Are you aware that about one in three people between the ages of 65 and 74 is affected by hearing impairment and half of them are older than 75? But even though so many individuals are affected by hearing loss, 70% of them have never used hearing aids and for people under the age of 69, that number drops to 16%. Depending on whose numbers you look at, there are at least 20 million people dealing with neglected hearing loss, though some estimates put this closer to 30 million.
There are a variety of reasons why people may not seek treatment for hearing loss, particularly as they get older. Only 28% of people who confirmed some amount of hearing loss actually got tested or sought further treatment, according to one study. For some people, it’s like wrinkles or gray hair, just a part of growing old. Hearing loss has always been easy to diagnose, but thanks to the substantial improvements that have been made in hearing aid technology, it’s also a very treatable condition. This is significant because your ability to hear isn’t the only health hazard associated with hearing loss.
A study from a research group based at Columbia University adds to the literature relating hearing loss to depression. An audiometric hearing exam and a depression screening were given to the over 5,000 individuals that they collected data from. For every 20 decibels of increased hearing loss, the chances of having significant depression rose by 45% according to these researchers after they took into account a host of variables. And for the record, 20 dB is very little noise, it’s quieter than a whisper, roughly equal to the sound of rustling leaves.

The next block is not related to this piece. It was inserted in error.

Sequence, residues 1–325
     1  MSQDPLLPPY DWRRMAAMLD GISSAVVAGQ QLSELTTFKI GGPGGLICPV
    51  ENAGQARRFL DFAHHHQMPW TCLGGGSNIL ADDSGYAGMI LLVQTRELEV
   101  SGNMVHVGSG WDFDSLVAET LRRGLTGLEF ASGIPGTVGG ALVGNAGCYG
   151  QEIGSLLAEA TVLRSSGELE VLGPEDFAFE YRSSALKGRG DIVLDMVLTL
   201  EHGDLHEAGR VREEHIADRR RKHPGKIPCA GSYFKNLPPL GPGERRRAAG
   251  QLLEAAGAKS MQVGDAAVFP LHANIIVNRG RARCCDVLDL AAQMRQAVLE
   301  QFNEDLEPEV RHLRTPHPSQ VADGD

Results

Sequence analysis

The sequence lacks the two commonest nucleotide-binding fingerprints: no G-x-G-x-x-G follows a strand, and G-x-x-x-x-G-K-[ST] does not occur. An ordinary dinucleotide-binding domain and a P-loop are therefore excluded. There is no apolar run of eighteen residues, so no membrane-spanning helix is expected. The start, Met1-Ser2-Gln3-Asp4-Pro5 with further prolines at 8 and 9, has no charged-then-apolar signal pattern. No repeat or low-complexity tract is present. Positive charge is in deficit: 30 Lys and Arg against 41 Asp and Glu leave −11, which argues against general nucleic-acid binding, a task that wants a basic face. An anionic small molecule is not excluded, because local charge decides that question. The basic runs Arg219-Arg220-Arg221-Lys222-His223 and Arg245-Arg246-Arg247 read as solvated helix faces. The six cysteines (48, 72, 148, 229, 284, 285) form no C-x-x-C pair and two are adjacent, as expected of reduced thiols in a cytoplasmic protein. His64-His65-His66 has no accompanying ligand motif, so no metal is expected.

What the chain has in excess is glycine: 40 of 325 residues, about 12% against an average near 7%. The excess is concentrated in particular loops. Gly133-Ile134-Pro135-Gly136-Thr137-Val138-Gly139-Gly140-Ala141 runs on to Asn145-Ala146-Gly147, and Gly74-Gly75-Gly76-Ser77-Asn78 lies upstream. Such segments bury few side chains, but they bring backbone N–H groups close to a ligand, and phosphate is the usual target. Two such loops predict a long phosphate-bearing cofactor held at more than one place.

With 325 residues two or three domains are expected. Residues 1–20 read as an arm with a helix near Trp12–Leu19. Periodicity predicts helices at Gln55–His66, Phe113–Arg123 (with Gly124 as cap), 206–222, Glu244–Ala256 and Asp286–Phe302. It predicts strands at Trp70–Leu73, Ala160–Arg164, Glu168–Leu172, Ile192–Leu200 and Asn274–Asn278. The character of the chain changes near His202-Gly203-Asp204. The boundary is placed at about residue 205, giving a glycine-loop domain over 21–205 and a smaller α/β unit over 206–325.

The basic link between hearing loss and depression isn’t that surprising, but what is shocking is how small a difference can so significantly increase the chance of suffering from depression. The fact that mental health worsens as hearing loss gets worse is demonstrated by this research and a multi-year investigation from 2000, expanding a substantial body of literature linking the two. Another study from 2014 that found both individuals who self-reported problems hearing and who were found to have hearing loss according to hearing tests, had a substantially higher risk of depression.
Here’s the good news: Researchers and scientists don’t think that it’s a chemical or biological connection that exists between hearing loss and depression. More than likely, it’s social. Individuals who have hearing loss will often steer clear of social interaction because of anxiety and will even sometimes feel anxious about standard everyday situations. This can increase social separation, which further leads to even more feelings of depression and anxiety. It’s a terrible cycle, but it’s also one that’s easily broken.
Multiple studies have revealed that treating hearing loss, typically with hearing aids, can help to ease symptoms of depression. 1.000 individuals in their 70’s were looked at in a 2014 study which couldn’t define a cause and effect relationship between depression and hearing loss because it didn’t look over time, but it did reveal that those people were much more likely to suffer from depression symptoms if they had untreated hearing loss.
But the hypothesis that treating hearing loss alleviates depression is reinforced by a more recent study that observed subjects before and after getting hearing aids. Only 34 individuals were examined in a 2011 study, but all of them showed significant improvements in symptoms of depressions and also cognitive function after wearing hearing aids for 3 months. Another small-scale study from 2012 revealed the same results even further out, with every single person in the group continuing to experience less depression six months after beginning to use hearing aids. And even a full 12 months after starting to use hearing aids, a group of veterans in a 1992 study were still experiencing relief from depression symptoms.
It’s difficult dealing with hearing loss but help is out there. Get your hearing tested, and know about your options. Your hearing will be enhanced and so will your overall quality of life.